Here is my forecast for the election that was not supposed to be happening in the UK. The Brexit Party is well on course to be the largest party and could even set the record for the best ever vote share by a party in the d’Hondt era of EU elections in the UK. At the same time, the Liberal Democrats have the possibility of beating both the Conservatives and Labour parties in a UK-wide election for the first time since 1906.
Theresa May has just asked the EU Council for a 3 month extension to Article 50, the Speaker won’t allow another meaningful vote without meaningful changes, Jeremy Corbyn is pondering backing another referendum and in 9 days time, the UK could be leaving the EU without a deal. Just another week in the Parliamentary Brexit Maze but I have updated my Brexit Voting Factions after last week’s votes and identified an 8th faction for you to play with in your voting permutations.
[Read more…] about EU Referendum #6 – Find your way out of the Brexit maze in 9 Days!
*** This post is not yet complete. However you will find a link to the data near the bottom and a link to a twitter thread for some of the images ***
Within the next 10 days, the House of Commons will get a second Meaningful Vote on the Withdrawal Agreement which could be followed by 2 more significant votes on No-Deal and Article 50 Extension. I have been tracking how MPs have voted on the first Meaningful Vote and subsequent Amendments which I summarised in two posts “Find your way out of the Brexit Maze in 57 days and 43 days.” Following further amendments at the end of February and with no more amendments planned before the next meaningful vote, I have redone my cluster analysis to predict what the outcome of these votes might be. As far as possible, I am trying to base my predictions on what MPs have done rather than what they say but I will compare my analysis with that of Election Maps who have been tracking MP’s statements.
[Read more…] about EU Referendum #5 – Find your way out of the Brexit maze in 16 Days!
Rather than celebrating love on Valentine’s day, Parliament chose to use the occasion to emphasise their discord over the EU withdrawal process, 43 days before the UK is due to leave the EU. Three amendments were voted on and this allows me to update my Brexit voting blocks which I first described in “Find your way out of the Brexit maze in 57 days!”.
January 2019 has been a month of considerable parliamentary drama in the UK as MPs wrestle over whether to approve the Withdrawal Agreement between the UK and the EU. There is no shortage of political punditry and quotes from politicians and the whole episode is proving to be a classic example of uncertainty. For statisticians like myself, uncertainty occurs when you cannot properly price the odds of an event happening unlike risk which occurs when you can price the odds. Since the current state of affairs will ultimately be determined by parliamentary votes one way or the other, is it possible to use parliamentary vote data so far to estimate the odds of certain scenarios?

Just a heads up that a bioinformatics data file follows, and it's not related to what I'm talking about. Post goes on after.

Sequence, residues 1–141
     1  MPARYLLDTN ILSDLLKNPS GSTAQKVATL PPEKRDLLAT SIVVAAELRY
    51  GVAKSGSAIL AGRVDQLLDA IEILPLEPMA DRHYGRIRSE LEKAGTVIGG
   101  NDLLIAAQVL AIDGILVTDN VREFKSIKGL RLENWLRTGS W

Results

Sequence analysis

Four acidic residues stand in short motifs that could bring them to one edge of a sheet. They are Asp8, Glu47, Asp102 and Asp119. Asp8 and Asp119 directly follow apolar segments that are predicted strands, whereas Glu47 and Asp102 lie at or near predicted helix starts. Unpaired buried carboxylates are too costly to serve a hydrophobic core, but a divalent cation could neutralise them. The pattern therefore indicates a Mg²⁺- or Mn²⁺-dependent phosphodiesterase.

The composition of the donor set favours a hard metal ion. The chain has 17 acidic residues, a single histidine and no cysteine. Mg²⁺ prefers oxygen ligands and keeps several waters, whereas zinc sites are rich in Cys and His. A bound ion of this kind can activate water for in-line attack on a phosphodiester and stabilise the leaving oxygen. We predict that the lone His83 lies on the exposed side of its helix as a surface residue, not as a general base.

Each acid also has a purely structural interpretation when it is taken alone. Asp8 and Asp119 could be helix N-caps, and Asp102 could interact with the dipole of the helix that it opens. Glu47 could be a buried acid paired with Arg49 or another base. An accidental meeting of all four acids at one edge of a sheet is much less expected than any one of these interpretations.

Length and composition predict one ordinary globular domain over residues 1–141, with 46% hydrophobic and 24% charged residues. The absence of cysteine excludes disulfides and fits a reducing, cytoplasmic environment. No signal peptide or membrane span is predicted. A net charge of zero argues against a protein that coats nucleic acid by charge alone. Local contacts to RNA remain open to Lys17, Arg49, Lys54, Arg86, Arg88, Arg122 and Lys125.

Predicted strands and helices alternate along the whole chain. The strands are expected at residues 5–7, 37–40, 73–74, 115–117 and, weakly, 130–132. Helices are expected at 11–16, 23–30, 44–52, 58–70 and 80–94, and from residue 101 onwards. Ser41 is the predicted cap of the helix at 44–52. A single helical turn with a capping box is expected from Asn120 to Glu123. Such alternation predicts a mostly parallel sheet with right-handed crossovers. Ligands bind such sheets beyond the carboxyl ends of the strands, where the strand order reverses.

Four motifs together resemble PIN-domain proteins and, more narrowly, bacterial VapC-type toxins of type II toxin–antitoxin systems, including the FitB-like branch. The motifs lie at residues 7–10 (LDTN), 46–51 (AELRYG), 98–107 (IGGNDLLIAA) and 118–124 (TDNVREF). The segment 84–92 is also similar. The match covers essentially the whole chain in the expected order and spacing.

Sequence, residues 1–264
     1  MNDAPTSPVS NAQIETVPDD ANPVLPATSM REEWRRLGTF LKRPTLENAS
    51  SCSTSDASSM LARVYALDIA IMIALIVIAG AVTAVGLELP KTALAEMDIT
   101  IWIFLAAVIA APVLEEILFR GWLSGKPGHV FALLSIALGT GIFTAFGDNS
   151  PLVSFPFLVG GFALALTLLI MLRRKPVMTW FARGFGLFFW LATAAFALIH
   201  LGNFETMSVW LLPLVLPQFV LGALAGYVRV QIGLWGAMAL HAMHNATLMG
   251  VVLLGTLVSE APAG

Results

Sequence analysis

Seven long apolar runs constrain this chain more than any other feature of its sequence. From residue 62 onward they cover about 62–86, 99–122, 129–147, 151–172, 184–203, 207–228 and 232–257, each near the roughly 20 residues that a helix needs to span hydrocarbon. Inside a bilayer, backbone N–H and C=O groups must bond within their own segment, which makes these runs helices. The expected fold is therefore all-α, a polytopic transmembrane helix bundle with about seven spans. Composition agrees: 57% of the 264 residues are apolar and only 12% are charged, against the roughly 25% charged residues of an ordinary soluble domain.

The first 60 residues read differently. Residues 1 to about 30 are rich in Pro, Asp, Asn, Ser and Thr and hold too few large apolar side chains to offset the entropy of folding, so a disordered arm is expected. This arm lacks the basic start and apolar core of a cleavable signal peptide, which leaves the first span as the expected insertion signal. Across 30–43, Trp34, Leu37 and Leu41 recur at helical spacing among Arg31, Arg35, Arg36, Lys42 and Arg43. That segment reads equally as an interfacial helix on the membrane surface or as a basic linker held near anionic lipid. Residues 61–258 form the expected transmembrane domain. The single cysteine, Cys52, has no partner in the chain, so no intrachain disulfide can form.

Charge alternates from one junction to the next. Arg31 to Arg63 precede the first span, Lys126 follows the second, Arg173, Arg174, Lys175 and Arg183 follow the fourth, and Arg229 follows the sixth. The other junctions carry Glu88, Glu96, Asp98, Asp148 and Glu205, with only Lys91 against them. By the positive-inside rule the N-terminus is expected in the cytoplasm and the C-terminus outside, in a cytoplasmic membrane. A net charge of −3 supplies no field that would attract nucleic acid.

The fevered political climate in the UK at the moment is all about Brexit and possible second referendums and general elections. Jeremy Corbyn made it clear recently that he wanted a General Election now so that he could take over the Brexit negotiations. With that in mind, I decided to take a look at what Labour’s target seat strategy could look like based on the results of the 2017 general election. What I see at the moment is that Labour has many ways of becoming the largest party in Parliament but the road to a working majority is much harder than people realise due to the Brexit realignment in 2016 and the Nationalist realignment in Scotland in 2015.
“I think the people in this country have had enough of experts”
Michael Gove, Sky News, 3rd June 2016
This was one of the most memorable quotes during the EU referendum in 2016 and came in response to a question as to why the forecasts of a whole list of organisations such as the IMF should be ignored. It prompted a flurry of rebuttals and articles supporting or damning him and the debate has not gone away.